What are the differences between Creditors’ Voluntary Winding-Up and Members’ Voluntary Winding-Up?
From the commencement of the voluntary winding up, the company shall cease to carry on its business. Nevertheless, the corporate powers of the company shall continue until it is dissolved. The company’s shareholders cannot transfer the company shares without liquidator’s sanction. Filing needs to be submitted to Accounting and Corporate Regulatory Authority and the liquidation commences at the time of passing of the resolution.
CREDITORS’ VOLUNTARY WINDING-UP
The creditors’ voluntary winding-up is initiated by the directors and approved by shareholders and creditors of the company. An Extraordinary General Meeting (“EGM”) of shareholders and a creditors’ meeting be convened to resolve that the company be wound up within five (5) weeks from the lodgement of Declaration of Inability to Continue Business. The provisional liquidator is appointed at the board of directors’ meeting for the purpose of overseeing the affairs of the company thereafter until the holding of the EGM and the creditors’ meeting.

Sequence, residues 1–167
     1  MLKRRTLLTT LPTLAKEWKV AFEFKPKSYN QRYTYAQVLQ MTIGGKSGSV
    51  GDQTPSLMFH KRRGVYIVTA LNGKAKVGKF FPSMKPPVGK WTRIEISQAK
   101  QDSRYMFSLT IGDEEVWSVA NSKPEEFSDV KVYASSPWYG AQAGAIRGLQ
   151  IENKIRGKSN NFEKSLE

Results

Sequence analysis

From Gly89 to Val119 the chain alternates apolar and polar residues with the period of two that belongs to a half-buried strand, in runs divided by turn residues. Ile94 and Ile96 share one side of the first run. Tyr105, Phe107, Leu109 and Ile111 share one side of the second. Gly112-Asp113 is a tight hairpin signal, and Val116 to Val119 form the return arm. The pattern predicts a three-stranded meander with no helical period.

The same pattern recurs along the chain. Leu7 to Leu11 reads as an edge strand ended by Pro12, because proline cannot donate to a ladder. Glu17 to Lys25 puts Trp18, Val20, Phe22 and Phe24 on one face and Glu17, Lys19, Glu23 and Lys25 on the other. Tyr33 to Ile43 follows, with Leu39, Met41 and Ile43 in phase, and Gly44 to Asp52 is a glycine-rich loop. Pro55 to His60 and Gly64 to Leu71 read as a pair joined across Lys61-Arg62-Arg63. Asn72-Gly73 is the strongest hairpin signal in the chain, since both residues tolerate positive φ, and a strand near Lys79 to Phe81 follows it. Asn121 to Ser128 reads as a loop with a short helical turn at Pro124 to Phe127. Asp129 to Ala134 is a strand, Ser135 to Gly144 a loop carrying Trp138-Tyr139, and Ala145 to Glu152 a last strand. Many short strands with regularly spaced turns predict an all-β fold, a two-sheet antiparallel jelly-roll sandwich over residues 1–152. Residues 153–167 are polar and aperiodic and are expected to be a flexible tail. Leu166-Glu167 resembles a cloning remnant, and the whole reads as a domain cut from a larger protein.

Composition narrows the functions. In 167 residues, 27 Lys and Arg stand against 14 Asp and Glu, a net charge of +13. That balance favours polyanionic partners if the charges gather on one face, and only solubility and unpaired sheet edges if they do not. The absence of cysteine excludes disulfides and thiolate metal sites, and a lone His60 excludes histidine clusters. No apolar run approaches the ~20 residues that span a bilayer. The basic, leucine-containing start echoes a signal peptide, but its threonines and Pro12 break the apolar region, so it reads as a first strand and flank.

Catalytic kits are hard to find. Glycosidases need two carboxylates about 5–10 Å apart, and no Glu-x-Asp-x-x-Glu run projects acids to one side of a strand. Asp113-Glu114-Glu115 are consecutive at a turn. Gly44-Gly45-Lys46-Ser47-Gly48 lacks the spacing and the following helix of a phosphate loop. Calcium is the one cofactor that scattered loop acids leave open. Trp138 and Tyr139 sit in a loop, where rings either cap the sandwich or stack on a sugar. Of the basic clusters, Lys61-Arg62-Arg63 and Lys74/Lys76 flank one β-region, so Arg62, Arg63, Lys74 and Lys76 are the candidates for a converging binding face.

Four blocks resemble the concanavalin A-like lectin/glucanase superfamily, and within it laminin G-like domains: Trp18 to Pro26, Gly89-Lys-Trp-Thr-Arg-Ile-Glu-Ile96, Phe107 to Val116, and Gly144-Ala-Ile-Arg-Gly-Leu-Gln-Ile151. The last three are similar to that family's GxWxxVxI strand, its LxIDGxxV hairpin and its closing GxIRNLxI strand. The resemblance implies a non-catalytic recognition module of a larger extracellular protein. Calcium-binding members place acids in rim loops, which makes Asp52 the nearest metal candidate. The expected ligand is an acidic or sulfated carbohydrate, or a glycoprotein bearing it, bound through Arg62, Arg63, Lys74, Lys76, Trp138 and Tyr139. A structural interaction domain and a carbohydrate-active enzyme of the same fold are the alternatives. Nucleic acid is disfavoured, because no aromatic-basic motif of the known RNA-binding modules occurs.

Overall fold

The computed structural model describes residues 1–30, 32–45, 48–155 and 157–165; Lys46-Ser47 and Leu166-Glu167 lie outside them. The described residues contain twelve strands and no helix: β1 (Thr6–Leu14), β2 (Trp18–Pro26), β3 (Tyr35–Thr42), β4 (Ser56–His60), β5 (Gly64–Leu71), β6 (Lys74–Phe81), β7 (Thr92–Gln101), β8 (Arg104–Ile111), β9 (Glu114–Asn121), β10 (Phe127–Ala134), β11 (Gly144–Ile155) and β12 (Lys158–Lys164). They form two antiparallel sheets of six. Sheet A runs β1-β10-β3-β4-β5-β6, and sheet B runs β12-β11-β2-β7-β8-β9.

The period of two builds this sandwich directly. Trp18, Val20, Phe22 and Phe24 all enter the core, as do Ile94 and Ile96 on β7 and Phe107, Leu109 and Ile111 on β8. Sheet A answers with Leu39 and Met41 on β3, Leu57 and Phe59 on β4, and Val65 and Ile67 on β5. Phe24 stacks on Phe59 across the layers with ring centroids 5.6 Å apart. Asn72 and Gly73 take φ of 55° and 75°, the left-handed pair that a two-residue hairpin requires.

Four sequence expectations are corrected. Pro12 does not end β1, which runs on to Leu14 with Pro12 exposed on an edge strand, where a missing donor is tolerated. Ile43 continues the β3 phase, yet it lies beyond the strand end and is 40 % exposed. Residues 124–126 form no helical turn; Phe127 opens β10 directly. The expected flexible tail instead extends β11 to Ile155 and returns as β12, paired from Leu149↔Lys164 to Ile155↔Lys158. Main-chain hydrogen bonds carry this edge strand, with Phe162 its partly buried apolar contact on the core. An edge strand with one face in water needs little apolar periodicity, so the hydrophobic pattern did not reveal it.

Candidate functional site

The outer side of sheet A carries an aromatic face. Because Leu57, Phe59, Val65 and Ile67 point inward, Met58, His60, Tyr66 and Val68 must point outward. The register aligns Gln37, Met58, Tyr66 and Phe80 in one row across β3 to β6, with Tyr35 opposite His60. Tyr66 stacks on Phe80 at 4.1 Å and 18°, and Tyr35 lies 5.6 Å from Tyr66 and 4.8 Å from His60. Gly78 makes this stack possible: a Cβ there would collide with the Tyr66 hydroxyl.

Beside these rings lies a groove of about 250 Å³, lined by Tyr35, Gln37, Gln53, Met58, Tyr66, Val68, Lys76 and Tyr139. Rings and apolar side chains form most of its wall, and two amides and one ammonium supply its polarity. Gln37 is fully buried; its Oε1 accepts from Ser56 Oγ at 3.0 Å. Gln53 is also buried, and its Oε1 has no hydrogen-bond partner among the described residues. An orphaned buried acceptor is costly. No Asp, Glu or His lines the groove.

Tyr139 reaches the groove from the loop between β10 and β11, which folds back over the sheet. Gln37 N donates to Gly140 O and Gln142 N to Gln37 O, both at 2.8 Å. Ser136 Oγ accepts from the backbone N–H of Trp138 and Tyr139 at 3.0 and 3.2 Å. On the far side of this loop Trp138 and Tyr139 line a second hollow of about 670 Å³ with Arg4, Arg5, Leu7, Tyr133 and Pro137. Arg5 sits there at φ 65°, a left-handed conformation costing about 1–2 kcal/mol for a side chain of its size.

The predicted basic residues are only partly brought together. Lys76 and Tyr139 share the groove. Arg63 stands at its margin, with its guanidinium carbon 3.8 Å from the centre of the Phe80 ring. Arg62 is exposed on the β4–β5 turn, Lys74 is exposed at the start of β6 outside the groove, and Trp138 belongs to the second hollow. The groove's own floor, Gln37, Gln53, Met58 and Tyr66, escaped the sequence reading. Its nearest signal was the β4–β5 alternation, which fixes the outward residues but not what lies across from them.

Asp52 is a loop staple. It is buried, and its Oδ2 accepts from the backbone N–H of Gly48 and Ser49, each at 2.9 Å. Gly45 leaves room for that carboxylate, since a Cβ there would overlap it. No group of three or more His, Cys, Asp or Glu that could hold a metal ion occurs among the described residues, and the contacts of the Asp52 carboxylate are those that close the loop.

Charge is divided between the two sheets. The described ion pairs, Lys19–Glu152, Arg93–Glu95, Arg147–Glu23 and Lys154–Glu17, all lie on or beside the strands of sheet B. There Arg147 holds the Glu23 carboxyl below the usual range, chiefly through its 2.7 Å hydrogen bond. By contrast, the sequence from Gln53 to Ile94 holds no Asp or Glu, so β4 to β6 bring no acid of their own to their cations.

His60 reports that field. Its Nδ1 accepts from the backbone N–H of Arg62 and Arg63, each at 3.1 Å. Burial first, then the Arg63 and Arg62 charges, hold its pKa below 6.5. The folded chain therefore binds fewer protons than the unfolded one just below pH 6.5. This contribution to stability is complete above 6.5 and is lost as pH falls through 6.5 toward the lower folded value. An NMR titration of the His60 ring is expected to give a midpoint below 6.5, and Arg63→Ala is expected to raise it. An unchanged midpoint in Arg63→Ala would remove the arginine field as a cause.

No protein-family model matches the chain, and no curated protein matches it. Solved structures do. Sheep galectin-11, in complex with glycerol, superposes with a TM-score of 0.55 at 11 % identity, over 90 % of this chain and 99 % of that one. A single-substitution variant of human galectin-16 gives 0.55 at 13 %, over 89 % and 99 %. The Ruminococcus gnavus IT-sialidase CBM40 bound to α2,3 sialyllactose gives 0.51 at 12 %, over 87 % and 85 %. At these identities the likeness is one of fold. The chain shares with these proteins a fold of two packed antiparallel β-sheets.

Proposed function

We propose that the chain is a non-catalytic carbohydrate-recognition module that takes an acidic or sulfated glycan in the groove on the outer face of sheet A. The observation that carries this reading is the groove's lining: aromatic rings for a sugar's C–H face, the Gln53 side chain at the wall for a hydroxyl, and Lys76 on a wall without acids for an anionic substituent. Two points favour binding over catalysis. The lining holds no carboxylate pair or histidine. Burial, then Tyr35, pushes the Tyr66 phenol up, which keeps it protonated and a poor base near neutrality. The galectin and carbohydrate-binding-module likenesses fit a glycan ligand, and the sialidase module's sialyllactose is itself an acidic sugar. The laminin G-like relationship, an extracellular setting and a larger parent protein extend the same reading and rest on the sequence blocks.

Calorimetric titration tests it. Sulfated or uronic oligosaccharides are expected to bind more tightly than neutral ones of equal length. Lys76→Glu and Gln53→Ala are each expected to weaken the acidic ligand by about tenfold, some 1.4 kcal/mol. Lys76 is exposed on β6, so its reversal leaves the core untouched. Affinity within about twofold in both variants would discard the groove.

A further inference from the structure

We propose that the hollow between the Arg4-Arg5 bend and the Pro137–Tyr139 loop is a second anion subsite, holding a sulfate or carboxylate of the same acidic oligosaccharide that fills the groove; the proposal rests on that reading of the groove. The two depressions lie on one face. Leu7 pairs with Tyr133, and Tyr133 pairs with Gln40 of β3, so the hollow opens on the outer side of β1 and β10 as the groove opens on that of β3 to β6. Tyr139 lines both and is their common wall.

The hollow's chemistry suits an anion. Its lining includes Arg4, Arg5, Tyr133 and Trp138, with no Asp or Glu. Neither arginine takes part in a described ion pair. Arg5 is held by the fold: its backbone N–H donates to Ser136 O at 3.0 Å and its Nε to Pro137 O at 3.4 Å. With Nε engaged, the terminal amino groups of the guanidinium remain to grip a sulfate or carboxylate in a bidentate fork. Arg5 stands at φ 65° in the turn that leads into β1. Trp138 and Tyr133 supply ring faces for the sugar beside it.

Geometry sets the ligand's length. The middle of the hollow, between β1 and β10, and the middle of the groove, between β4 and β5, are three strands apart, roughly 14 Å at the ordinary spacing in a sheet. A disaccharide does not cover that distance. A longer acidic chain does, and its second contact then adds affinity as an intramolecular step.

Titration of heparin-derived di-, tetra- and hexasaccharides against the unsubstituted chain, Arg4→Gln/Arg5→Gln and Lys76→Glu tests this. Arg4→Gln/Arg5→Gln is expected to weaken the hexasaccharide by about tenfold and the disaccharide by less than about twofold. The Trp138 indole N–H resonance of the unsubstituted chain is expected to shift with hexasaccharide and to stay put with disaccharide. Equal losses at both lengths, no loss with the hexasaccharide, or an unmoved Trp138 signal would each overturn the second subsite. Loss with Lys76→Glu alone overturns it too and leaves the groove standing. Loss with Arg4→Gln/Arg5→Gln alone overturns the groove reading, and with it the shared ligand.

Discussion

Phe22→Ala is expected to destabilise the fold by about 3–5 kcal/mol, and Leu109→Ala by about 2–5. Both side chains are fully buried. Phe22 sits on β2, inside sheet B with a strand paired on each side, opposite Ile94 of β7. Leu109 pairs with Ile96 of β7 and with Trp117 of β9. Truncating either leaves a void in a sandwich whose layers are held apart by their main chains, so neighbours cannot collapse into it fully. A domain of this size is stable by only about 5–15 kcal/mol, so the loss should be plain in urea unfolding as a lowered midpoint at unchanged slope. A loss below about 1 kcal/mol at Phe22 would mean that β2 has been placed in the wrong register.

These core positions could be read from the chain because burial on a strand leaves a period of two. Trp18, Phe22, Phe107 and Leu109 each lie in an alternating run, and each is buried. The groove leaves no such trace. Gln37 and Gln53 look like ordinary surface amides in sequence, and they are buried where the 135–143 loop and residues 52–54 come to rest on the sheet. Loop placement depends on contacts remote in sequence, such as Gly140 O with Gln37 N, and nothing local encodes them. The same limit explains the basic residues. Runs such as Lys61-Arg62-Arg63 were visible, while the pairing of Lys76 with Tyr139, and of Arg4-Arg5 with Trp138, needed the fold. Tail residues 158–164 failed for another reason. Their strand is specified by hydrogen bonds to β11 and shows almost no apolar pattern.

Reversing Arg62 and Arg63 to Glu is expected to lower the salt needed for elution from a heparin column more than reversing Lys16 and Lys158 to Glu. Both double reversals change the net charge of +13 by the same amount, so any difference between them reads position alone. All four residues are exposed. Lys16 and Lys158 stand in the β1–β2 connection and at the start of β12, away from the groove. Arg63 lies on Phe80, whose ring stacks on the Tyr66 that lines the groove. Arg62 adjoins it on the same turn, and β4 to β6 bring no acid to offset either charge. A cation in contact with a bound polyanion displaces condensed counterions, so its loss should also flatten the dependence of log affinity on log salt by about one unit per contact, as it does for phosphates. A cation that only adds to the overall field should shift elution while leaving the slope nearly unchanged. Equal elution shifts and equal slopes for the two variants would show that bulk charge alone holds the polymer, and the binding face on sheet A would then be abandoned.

Where there is a difference between the company’s and the creditors’ nominee(s), the creditors’ choice of liquidator(s) will prevail over that of the Board of Directors’ and members’ nomination.
MEMBERS’ VOLUNTARY WINDING-UP
Members’ voluntary winding-up is initiated by the company’s directors and approved by the shareholders due to business environment, dormant status of the company and/or corporate restructuring involving a group of companies. Pursuant to Section 293(1) of the Companies Act, the directors are required to file a declaration of solvency to state that the company is able to pay its debt in full within twelve (12) months after the commencement of the winding up. A committee of inspection comprising of shareholders and directors of the company to provide oversight of the liquidation proceedings and serve as joint bank signatories to settle all outstanding debt owed by the company.